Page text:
"..continue using my beams(over 35 years old) or buy a digital scale.
What do you know, and are they worth buying?"
Opinon: Digitals are the current fad and when someone gets a hankering for a new gimmic I would never say, "Don't."
Fact: As a retired electronic insturment tech in the space/defence industries, I won't.
I continue to wonder, what is a digital scale supposed to accomplish that I can't do with my 45 year old 1010, which is still as dead-on as the day I bought it and expect it will be so another 45 years from today. (Anyone want to say their digital anything will equal that dependabilty?) Obviously, those who get "good" ones love them - now - but, still, they are vastly over priced and what do they do that a beam doesn't, and with much more security and ease of use? IF I had surplus cash spilling outta my wallet, and I don't, I MIGHT buy one for weighting bullets and cases. But, since I quit doing that long ago, it would mostly be an expensive trinket to decorate the loading bench.
Reloading grade electronic scales ain't high grade scales. High grade scales for drug and grocery stores, labs, etc., are EXPENSIVE! AND they still have a trained technician come in one to three times a year to test and adjust them, but NO reloader ever gets his digital scale tested/adjusted after purchase.
Digital dumpsters, aka, RCBS Chargemasters, etc, are not, per se, "scales". And they too are vastly over priced! If I had one, I too would use it to dump charges just under weight and trickle up, on a beam, to what I wanted. I'd NEVER trust one of those things to set my hot charges, all it would have to be off is ONCE! I KNOW what I will do and I do not trust any electromechanical gadget to do it for me.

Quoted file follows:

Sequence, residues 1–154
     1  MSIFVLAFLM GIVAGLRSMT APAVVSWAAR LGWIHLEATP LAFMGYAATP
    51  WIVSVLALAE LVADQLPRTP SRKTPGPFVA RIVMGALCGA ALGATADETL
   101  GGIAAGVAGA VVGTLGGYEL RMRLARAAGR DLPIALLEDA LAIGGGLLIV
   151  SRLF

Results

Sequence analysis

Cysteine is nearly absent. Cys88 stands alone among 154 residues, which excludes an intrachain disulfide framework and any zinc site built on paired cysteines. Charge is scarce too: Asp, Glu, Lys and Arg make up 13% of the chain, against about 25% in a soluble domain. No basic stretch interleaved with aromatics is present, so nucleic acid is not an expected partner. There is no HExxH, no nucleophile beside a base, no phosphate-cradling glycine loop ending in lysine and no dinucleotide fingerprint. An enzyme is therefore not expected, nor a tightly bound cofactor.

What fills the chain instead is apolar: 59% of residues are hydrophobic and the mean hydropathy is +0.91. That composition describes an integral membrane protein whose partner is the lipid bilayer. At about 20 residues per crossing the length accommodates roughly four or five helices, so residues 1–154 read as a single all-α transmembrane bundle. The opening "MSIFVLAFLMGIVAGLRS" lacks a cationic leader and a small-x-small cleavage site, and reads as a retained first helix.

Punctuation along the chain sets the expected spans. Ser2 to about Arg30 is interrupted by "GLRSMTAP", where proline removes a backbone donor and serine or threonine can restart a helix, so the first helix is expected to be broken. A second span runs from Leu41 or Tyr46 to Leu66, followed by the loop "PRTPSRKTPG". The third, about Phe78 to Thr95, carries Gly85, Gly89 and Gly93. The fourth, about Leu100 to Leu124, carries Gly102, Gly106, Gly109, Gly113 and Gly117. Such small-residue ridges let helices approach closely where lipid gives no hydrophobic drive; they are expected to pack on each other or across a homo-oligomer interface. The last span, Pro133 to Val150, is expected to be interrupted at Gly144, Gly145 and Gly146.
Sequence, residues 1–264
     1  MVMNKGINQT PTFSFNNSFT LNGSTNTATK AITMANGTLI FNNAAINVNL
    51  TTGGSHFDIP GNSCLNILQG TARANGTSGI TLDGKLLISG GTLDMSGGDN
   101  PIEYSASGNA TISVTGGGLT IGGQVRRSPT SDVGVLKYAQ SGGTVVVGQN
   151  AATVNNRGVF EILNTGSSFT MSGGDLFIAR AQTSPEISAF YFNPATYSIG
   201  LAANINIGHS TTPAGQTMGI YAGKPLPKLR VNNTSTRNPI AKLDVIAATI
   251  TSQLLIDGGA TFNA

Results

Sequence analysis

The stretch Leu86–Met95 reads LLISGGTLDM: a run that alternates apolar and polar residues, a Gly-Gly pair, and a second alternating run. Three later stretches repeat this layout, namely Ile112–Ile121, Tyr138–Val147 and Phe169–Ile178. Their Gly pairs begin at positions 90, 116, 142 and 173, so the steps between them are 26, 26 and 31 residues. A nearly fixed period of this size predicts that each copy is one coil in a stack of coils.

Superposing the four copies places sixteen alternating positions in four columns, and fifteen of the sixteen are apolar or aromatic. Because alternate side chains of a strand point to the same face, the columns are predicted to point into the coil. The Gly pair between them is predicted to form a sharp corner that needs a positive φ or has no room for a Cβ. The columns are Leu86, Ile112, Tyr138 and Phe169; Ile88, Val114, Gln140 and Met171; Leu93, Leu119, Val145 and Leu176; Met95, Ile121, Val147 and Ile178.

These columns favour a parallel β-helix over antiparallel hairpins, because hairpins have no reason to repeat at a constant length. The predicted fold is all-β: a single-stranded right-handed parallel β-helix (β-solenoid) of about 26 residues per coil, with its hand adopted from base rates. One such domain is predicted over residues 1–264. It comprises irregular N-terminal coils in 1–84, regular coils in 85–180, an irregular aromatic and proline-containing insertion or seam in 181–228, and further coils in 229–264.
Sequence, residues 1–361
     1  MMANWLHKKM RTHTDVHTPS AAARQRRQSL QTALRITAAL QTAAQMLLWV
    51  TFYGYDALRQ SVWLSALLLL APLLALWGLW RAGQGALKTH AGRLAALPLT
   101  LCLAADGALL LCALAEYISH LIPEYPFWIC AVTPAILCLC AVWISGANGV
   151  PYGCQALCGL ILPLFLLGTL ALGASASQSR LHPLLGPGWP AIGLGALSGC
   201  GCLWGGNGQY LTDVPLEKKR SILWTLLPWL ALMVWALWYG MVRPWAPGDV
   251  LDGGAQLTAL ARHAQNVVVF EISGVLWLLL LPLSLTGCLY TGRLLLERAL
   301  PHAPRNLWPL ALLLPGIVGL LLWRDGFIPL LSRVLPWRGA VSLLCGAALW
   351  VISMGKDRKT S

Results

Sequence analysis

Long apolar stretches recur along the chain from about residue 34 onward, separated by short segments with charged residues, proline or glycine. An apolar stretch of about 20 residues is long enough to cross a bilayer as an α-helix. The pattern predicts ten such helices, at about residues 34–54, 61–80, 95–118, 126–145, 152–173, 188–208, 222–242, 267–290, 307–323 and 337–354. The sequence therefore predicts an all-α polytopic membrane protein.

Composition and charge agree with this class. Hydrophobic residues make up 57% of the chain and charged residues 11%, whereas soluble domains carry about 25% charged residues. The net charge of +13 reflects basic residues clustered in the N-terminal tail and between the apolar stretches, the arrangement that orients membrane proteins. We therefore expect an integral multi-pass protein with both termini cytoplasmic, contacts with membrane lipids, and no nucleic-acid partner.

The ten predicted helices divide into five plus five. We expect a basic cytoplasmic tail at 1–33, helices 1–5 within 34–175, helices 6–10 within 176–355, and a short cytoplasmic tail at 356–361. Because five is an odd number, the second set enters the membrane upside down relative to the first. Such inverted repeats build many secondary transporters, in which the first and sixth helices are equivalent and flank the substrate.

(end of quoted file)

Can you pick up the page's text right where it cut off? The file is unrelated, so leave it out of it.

No matter the room temperature, I can walk up to my mechanically leveled 1010, set a weight on it and know it's going to read properly, right then, every time. It works on gravity and, unlke power line voltage, that never changes and it isn't sensitive to external electical fields. All it needs to maintain accuracy forever is proper handling to prevent damage and an occasional cleaning to remove dust from the pivot knife and vee bearings.
With a "fast" digital scale, I would have to turn it on and allow it maybe 15-20 minutes of warm-up time. Then tare it, zero it and test the calibration. Then I could check my weight and, who knows, it may tell me what it really weighs. But, if I continue to use it for an extended loading session I would have to rezero it and recheck calibration from time to time. And that thing is supposed to SAVE TIME! ???
Nope, uh-uh, others may love them but they ain't for me. But...the folks who sell them digitals need to make a (good) living too, so...YOU get one!